My favorite new discovery at our local farmer’s market is the magnificent collection of winter squashes and pumpkins grown by Anne and her husband, Chris of C & A Organic Farms, here in Mendocino County in Northern California. Anne has a deep passion for these varieties and is a wealth of information, which she most generously passed along to me, and thus to all of you. This two-part post will undoubtedly serve as a resource to many who have an interest in adding more pumpkins and squashes to their gardens next year! This foray into her world has certainly educated me and I am most grateful!
These organic Baby Pam Pumpkins are the ones we reach for at this time of year to make our delicious pumpkin pies. Its stringless flesh cooks down to a smooth filling and its sugary flavor makes it the preferred choice. I think most folks would have access to these in your local farmer’s markets and health food stores, and possibly even in your local supermarkets (though maybe not organic–always better).
Organic Jack Be Little Pumpkins (also called Little Jacks) are the small pumpkins we buy for decorating. Children find them especially endearing. They are about 2″ high and only 3″ wide. You see them in all the markets in October, I’m sure and are one of everybody’s favorite for decorations.
The organic Cinderella Pumpkin is a French heirloom variety, known in French as “Rouge vif D’Etampes”. It is hard not to notice that their beautiful shape does, in fact, resemble the carriage Cinderella’s fairygodmother created from a pumpkin! Best of all, this pumpkin is recorded as having been the variety cultivated by the Pilgrims and served at the second Thanksgiving dinner. (I love this!) These flattened fruits weigh an average of 15-20 pounds. Their deep orange flesh and strong sweet flavor lends to using in winter soups to brighten and enrich cold winter days.
This heirloom organic New England Pie Pumpkin variety remains the favored pie pumpkin in many homes. Its stringless flesh cooks down into a thicker pumpkin filling, making it very desirable for pies. Pumpkins are usually 4-6 pounds.
While these hard-skinned blue-grey are called organic Crown Pumpkins, they are, in fact a delicious eating winter squash. I include here due to their name. Reputedly Organic Crown Pumpkins were part of the Koanga Gardens collection in New Zealand, and they do continue to make these seeds available. It’s known as an excellent keeper, and Anne shares it’s one of her favorites this year. I made a soup from one of these and it was delicious, so I’d have to say it’s one of my faves this year, too. And as someone who has searched for the “perfect pumpkin soup recipe” for years, I’ve come to realize that the secret is in your pumpkin choice, not the recipe itself. Who knew?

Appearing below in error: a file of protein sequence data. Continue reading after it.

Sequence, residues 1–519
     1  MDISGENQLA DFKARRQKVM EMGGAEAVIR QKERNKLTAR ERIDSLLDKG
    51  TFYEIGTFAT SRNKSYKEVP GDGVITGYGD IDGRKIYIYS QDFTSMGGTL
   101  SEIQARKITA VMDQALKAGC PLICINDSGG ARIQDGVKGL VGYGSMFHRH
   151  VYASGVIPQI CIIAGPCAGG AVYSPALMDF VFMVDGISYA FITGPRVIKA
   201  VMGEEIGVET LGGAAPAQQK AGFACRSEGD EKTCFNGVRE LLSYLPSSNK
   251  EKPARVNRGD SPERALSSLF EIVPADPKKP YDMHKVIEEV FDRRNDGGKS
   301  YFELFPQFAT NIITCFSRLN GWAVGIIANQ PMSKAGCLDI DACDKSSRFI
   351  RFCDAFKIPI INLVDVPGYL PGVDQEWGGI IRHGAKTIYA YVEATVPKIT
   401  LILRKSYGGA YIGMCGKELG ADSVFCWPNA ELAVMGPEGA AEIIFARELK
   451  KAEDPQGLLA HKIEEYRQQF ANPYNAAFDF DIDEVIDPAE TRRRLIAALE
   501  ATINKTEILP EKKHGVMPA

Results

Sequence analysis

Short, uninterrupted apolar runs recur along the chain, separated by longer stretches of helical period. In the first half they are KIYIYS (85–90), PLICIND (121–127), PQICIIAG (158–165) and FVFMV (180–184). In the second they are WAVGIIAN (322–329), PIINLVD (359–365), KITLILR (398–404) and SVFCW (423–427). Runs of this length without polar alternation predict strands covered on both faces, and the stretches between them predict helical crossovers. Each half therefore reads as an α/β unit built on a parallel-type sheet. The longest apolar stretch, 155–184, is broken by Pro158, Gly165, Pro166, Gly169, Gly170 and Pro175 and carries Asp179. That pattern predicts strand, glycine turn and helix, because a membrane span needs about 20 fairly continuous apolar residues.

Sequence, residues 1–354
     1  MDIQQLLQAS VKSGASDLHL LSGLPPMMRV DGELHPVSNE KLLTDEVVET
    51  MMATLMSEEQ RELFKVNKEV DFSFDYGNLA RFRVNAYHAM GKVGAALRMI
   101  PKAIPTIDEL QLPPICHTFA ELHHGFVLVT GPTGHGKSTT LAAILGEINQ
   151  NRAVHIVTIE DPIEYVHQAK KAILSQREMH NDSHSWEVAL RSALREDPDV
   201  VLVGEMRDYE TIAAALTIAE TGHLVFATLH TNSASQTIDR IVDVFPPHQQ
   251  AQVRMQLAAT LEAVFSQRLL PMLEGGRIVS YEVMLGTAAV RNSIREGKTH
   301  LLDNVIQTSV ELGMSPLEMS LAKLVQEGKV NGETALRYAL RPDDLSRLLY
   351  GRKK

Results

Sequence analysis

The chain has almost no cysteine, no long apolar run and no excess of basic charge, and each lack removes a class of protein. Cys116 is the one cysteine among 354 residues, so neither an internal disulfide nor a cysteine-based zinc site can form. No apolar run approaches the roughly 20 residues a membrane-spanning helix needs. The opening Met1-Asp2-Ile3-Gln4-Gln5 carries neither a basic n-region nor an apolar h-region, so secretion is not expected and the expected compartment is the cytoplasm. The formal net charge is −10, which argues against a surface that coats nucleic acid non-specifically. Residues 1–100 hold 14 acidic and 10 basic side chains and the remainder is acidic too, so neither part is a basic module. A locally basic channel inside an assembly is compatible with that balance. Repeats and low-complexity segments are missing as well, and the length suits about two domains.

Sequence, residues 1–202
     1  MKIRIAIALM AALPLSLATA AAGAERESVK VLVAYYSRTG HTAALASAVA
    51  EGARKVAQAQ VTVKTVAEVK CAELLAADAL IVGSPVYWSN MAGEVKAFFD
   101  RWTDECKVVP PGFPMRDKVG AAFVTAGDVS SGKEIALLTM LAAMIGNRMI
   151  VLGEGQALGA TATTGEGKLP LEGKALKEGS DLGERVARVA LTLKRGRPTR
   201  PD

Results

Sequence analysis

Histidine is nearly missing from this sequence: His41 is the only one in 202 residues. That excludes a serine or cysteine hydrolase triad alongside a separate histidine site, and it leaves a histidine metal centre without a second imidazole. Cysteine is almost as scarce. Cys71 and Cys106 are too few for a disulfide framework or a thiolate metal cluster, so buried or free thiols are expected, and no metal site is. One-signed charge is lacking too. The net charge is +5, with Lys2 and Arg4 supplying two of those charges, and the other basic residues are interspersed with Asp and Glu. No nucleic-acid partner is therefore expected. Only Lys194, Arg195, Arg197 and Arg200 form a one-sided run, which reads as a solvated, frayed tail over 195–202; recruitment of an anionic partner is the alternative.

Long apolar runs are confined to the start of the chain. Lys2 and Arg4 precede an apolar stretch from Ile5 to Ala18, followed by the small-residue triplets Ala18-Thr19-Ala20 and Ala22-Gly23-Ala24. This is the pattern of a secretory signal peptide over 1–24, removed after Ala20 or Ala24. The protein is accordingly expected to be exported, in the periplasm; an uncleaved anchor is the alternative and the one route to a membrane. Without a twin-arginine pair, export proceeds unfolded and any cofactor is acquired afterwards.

The Japanese organic Black Futsu is an heirloom variety. These small pumpkins have heavy ribs, a warty texture and average 4-6 lbs. The outer skin remains dark green or black until ripe and then become a muted chestnut color with a powdery appearance in storage. Texture is firm and flavor is nutty and fresh. Each plant will produce 3-5 pumpkins. This is a pumpkin you can grow in large containers, making it a good choice for those with limited space!
Anne has kindly sent along this simple recipe:
Cut pumpkin in half, place face down in baking dish. Add a bit of water and bake at 350 degrees for about 35 minutes. Add seasonings to taste. Delicious!
Yes, hull-less seeds. The organic Kakai Pumpkin produces hull-less seeds, perfect for snacking! Kakai seeds are highly nutritious and yield a valuable oil that is used to promote prostate health in men. This Japanese pumpkin bears orange and green striped markings and large raised ribs. Medium sized fruits average 5-8 lbs. Plants yield 2-3 fruits per plant, even in poor conditions. It’s a beauty!
lovely market display
Dearest readers, I hope this post has inspired you to try more varieties of pumpkins this year–to seek them out and use them and learn which ones you prefer and for what. There’s a vast array and exploring these delicious nutritious gifts is a treasure! I’m grateful to Anne for expanding my knowledge.
Last word! Don’t forget that our dogs adore fresh cooked pumpkins! I have a big bowl set aside in the frig and my Border Collies really appreciate my adding it to their morning rice and protein breakfasts!
Love and season blessings,
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Posted on September 26th, 2012 by Kathryn
Filed under: Plants